Aztecs senior middle blocker named Mountain West Offensive Player of the Week

Senior+middle+blocker+Tamia+Reeves+during+the+Aztecs%27+3-1+loss+to+UNLV+on+Oct.+5+at+Peterson+Gym.
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Aztecs senior middle blocker named Mountain West Offensive Player of the Week

Senior middle blocker Tamia Reeves during the Aztecs' 3-1 loss to UNLV on Oct. 5 at Peterson Gym.

Senior middle blocker Tamia Reeves during the Aztecs' 3-1 loss to UNLV on Oct. 5 at Peterson Gym.

Sam Mayo

Senior middle blocker Tamia Reeves during the Aztecs' 3-1 loss to UNLV on Oct. 5 at Peterson Gym.

Sam Mayo

Sam Mayo

Senior middle blocker Tamia Reeves during the Aztecs' 3-1 loss to UNLV on Oct. 5 at Peterson Gym.

by Breven Honda, Staff Writer

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San Diego State volleyball senior middle blocker Tamia Reeves said she did not think getting an award like Mountain West Conference Offensive Player of the Week would happen. 

But it did. 

Reeves was honored with the award on Oct. 7. 

“It is exciting, I haven’t gotten it before,” Reeves said. “Coming into senior year, I wasn’t thinking about titles or accomplishments, so it’s a huge honor for me.”

The native from Carrollton, Texas said it’s great to see her diligence pay off and that it establishes trust in the play she brings. 

“For me, it gives me confidence,” she said. “I see what my hard work is doing just for a week. It gives me confidence, it gives the team confidence that we know what we’re doing (works).”

In the two games against UNLV on Oct. 3 and New Mexico on Oct. 5, Reeves posted a .667 attack percentage, including a season-high .692 hitting percentage against the Rebels. 

Reeves also record 19 kills on 27 attacks and only one error in those two games. 

Head coach Deitre Collins-Parker said Reeves’ hard work led to the award. 

“What a great honor for her,” Collins-Parker said. “She’s come a long way in her four years here. She’s always been pretty steady. To get recognized for those high percentages is awesome.”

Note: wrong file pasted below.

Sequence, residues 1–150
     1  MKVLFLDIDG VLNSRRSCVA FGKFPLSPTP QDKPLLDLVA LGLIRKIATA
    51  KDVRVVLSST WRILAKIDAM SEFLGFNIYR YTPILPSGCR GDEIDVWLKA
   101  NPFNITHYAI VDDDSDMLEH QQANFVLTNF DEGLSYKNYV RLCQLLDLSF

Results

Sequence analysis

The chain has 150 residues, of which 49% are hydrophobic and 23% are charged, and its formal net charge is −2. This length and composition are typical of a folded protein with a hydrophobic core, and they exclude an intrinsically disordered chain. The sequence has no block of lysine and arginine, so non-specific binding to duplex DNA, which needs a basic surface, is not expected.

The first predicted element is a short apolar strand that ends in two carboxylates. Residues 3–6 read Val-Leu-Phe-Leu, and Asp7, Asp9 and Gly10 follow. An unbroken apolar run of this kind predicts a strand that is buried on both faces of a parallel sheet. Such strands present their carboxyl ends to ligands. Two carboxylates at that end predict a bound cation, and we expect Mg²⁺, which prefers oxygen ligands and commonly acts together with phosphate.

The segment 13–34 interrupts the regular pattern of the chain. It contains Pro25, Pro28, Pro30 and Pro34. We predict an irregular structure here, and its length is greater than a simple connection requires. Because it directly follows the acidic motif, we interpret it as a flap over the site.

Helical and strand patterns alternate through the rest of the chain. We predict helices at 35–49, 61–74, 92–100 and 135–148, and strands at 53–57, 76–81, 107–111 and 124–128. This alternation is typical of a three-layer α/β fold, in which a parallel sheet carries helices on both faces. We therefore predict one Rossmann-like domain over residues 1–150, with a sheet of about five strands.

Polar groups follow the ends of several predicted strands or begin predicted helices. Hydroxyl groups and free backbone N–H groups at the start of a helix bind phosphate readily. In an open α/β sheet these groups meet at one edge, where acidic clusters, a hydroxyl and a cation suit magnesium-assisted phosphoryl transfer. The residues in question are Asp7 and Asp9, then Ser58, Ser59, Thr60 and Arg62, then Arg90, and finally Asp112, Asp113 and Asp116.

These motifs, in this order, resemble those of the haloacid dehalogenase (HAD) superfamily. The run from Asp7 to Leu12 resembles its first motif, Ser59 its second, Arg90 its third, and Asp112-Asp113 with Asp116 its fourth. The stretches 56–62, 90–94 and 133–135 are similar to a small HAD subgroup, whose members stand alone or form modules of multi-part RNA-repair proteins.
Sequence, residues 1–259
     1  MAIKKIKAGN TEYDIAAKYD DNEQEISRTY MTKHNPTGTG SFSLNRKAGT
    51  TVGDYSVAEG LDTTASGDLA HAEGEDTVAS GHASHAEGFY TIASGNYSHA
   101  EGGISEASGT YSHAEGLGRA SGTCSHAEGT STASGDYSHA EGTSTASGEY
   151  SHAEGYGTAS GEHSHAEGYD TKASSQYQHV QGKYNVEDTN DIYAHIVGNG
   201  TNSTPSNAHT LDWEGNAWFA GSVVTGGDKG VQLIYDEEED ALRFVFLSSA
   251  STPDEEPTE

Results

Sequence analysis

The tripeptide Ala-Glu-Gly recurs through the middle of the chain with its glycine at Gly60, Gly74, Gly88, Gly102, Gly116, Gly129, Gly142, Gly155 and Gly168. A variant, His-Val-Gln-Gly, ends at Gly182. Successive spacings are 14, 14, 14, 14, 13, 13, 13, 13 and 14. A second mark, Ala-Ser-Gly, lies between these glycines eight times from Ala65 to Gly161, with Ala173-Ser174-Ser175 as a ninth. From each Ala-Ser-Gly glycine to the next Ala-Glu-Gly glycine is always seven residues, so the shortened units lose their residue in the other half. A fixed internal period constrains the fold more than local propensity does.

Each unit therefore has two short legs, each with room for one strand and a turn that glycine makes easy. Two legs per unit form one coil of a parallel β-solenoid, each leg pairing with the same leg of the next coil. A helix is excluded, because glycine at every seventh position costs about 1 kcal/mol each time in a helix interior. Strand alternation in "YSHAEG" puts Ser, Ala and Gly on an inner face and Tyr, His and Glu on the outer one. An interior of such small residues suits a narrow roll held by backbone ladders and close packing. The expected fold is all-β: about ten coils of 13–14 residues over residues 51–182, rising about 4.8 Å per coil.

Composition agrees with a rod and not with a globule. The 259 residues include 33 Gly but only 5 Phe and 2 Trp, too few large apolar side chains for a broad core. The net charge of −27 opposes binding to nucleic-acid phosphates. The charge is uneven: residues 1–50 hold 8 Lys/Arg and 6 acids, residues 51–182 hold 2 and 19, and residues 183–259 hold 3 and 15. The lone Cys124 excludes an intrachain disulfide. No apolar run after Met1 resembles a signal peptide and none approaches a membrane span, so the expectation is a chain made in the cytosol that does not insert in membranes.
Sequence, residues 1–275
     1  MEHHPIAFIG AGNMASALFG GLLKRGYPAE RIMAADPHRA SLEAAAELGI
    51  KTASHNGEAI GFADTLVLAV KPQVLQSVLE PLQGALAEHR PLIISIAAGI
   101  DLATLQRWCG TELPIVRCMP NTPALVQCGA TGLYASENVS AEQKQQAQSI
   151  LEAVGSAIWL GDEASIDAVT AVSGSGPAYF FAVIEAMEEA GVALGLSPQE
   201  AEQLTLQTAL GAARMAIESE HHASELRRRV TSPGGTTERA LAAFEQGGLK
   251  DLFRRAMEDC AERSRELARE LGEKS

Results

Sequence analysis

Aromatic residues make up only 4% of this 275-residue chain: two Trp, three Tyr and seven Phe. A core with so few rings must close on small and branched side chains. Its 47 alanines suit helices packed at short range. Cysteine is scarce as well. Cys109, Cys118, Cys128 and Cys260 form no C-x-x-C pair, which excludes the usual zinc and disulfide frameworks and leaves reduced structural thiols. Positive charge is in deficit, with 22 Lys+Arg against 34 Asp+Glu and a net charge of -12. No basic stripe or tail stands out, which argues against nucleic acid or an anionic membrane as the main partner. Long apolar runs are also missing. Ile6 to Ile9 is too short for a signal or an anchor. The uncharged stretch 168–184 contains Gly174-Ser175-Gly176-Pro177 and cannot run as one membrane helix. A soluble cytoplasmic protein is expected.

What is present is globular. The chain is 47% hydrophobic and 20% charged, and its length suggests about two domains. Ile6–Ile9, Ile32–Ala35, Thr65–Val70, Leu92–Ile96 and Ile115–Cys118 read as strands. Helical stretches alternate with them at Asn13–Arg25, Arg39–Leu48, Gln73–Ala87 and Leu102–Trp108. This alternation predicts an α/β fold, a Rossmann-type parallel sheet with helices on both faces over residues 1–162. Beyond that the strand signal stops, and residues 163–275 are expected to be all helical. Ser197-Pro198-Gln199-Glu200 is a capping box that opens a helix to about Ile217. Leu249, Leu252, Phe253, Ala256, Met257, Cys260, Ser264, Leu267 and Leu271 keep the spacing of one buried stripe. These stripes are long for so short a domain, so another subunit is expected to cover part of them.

Collins-Parker said Reeves’ honor relates to the team’s performance. 

“It’s a testament to how they’re playing and the numbers we’re putting up offensively,” Collins-Parker said.

Collins-Parker, who started at middle blocker on the 1988 U.S. Olympic team, said she was shorter than average-size middle blockers, like Reeves.

Despite being 6-foot-1, Reeves has found a way to put up points consistently.

“She’s been steady,” Collins-Parker said. “As much as I’ve wanted to find someone taller, nobody finds a way to score like she does. Being an undersize (player), which is how I felt when I was on the Olympic team, and finding a way to score is special when you’re not as big as everyone else.”

Reeves joins sophomore setter Camryn Machado to receive the award. 

Collins-Parker said it is beneficial to the team when someone is presented with the honor.

“Any validation that we’re doing something right helps them have confidence,” she said. “This team is focused on doing well in conference. Even though it is a single-person award, to know people are noticing and what (we’re) doing, matters.”

Reeves’ teammate, senior outside hitter Hannah Turnlund said the award shows how much work Reeves puts in. 

“It’s always good for people on our team to get noticed like that and she deserves it,” Turnlund said. “It shows how consistent she is and the work she puts in every day to be a solid player.”

Turnlund said Reeves is a big factor and the team looks up to her. 

“She comes in every day and works hard and is diligent in everything she does and it’s a positive thing for our team,” she said. “It gives our team confidence, it gives her confidence to play our best in these big games.”

Collins-Parker said the senior leadership from Reeves and Turnlund expands to the upperclassmen that have been at SDSU for four years.

“(Our juniors and seniors have) been here through the ups and downs,” she said. “(Junior libero Loren Teter) and (junior defensive specialist Sam McGrath) can be seniors however you look at it, but they’ve been here as long as Hannah and Tamia and it’s a nice group of older statesmen that can help the young ones come along.”

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